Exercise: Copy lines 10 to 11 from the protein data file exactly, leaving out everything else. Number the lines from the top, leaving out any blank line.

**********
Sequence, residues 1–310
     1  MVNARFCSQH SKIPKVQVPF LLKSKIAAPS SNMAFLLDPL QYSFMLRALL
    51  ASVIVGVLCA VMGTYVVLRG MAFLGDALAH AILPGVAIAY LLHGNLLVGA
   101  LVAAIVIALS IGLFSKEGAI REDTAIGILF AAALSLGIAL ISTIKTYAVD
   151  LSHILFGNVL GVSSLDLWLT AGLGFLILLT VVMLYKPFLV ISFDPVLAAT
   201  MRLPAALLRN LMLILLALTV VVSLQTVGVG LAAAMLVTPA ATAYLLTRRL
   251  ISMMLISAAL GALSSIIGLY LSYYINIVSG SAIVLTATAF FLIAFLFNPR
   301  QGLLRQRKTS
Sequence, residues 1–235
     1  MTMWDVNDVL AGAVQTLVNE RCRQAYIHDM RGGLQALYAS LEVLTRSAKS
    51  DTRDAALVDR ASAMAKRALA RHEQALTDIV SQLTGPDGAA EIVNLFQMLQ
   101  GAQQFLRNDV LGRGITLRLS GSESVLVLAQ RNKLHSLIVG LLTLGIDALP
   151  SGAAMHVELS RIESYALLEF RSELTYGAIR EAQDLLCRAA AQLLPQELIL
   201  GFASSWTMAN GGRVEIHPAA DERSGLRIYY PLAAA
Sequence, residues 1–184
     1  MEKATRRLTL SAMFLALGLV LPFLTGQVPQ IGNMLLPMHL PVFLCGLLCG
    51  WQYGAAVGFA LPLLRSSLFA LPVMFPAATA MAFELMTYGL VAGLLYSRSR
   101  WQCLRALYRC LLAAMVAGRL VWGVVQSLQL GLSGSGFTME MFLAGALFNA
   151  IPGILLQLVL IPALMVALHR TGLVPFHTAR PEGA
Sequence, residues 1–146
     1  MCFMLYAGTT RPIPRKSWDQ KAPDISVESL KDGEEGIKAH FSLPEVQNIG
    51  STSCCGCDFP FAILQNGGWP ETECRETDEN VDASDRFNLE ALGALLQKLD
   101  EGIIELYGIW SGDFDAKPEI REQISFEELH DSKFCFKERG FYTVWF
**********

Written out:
     1  MTMWDVNDVL AGAVQTLVNE RCRQAYIHDM RGGLQALYAS LEVLTRSAKS
    51  DTRDAALVDR ASAMAKRALA RHEQALTDIV SQLTGPDGAA EIVNLFQMLQ